We conduct research in the application of rigorous design methodologies to the design of artifacts and environments for people.


Navigating the barriers to interdisciplinary design education: lessons learned from the NSF design workshop series

Simpson, T.W., Parkinson, M.B., Celento, D., Chen, W., McKenna, A., Colgate, E., Norman, D., Papalambros, P.Y., Gonzalez, R., Roth, B., and Leifer, L., 2010. Proceedings ASME International Design Engineering Technical Conferences . (BibTeX Citation)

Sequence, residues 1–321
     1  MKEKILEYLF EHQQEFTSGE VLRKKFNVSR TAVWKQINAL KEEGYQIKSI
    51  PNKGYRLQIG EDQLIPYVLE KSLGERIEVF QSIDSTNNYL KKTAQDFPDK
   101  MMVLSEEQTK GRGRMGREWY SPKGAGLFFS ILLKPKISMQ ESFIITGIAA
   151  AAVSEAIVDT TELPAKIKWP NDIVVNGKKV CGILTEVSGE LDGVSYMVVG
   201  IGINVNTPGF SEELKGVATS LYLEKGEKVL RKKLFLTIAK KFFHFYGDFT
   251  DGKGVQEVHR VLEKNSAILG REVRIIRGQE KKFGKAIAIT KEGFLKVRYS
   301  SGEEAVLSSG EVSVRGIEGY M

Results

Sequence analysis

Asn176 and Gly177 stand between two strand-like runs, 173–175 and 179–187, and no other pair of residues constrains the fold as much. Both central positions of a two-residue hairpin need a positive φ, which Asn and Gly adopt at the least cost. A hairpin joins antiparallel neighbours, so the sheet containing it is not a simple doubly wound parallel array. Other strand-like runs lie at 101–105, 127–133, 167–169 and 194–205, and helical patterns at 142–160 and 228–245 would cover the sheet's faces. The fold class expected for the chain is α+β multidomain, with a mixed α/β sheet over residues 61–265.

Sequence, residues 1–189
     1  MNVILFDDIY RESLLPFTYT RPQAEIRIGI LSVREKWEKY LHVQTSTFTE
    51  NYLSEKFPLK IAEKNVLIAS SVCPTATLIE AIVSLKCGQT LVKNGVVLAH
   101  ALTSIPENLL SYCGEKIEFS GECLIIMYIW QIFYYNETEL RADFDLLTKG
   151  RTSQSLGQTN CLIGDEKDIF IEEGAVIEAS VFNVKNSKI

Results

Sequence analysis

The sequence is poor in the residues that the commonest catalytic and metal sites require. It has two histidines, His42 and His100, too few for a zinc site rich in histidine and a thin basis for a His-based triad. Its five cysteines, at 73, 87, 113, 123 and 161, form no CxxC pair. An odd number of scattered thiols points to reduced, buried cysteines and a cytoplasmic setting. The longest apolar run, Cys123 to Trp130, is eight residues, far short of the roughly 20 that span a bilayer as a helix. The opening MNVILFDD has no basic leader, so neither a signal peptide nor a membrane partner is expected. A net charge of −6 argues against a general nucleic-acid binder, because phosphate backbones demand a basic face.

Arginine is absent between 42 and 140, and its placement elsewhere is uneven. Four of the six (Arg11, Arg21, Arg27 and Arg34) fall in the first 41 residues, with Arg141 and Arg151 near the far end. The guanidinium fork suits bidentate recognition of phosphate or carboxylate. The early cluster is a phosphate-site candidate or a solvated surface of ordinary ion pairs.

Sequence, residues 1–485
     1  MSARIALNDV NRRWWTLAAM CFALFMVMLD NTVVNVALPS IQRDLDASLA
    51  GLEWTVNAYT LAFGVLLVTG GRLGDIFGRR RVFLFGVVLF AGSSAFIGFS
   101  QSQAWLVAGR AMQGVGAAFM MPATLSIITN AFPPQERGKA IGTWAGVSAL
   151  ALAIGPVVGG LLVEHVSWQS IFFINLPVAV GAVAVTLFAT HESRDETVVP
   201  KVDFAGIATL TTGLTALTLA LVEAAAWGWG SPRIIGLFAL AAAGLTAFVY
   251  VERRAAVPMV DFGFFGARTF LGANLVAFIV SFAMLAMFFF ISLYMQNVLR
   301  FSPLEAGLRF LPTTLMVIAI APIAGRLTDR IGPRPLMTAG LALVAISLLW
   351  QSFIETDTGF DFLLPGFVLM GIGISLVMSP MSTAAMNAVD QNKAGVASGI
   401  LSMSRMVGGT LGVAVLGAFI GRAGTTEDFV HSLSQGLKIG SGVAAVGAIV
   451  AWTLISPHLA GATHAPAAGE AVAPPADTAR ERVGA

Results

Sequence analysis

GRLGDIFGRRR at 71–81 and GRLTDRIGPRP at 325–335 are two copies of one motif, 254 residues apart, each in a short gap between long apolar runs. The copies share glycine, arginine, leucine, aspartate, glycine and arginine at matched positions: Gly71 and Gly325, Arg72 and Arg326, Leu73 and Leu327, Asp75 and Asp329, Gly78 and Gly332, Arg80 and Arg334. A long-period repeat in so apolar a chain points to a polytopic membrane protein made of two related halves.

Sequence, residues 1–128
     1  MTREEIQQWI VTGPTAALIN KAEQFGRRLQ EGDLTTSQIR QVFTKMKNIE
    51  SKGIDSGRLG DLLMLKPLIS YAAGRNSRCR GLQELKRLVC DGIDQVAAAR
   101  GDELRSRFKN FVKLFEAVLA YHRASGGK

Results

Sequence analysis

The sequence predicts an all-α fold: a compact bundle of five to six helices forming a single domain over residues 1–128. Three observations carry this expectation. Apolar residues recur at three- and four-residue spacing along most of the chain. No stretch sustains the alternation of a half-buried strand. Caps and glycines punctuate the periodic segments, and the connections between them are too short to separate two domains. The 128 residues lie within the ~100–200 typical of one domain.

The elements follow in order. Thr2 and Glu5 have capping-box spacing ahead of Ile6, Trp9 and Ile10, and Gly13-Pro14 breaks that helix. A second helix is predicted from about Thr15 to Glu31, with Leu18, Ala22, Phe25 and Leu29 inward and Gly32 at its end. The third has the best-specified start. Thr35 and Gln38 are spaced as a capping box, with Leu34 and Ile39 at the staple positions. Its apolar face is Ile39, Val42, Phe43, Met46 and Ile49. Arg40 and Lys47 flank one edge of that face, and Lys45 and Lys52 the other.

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Evidence suggests that transformational innovation occurs at the intersection of multiple disciplines rather than isolated within them. Design—being both pervasive and inherently interdisciplinary—has the power to transcend many disciplines and help break down the departmental “silos” that hinder such collaborative efforts. Many universities are now struggling to embrace the curricular innovations that are necessary to achieve and sustain interdisciplinary education. Given the already packed undergraduate engineering curricula, several universities have started to offer new design programs that span several disciplines at the masters and doctoral levels. In this paper, we examine the five interdisciplinary graduate design programs offered by three different universities—University of Michigan, Northwestern University, and Stanford University—that hosted the NSF Design Workshop Series in 2008–2009. Collectively, these programs represent “solutions” that span a variety of graduate degree offerings that are available and provide examples of ways to successfully navigate the barriers and hurdles to interdisciplinary design education. A recap of the NSF Design Workshop Series is also provided along with recommendations from the workshops to foster discussion and provide directions for future work.